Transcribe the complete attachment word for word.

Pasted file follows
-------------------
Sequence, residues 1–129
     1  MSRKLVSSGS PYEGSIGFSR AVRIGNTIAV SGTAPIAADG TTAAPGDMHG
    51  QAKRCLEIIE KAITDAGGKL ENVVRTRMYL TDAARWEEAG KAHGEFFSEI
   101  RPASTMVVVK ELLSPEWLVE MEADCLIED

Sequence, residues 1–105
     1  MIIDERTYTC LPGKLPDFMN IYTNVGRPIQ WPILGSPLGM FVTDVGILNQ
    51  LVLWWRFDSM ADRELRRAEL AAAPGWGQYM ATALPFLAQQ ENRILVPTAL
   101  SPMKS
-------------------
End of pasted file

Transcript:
Sequence, residues 1–129
     1  MSRKLVSSGS PYEGSIGFSR AVRIGNTIAV SGTAPIAADG TTAAPGDMHG
    51  QAKRCLEIIE KAITDAGGKL ENVVRTRMYL TDAARWEEAG KAHGEFFSEI
   101  RPASTMVVVK ELLSPEWLVE MEADCLIED

Sequence, residues 1–105
     1  MIIDERTYTC LPGKLPDFMN IYTNVGRPIQ WPILGSPLGM FVTDVGILNQ
    51  LVLWWRFDSM ADRELRRAEL AAAPGWGQYM ATALPFLAQQ ENRILVPTAL
   101  SPMKS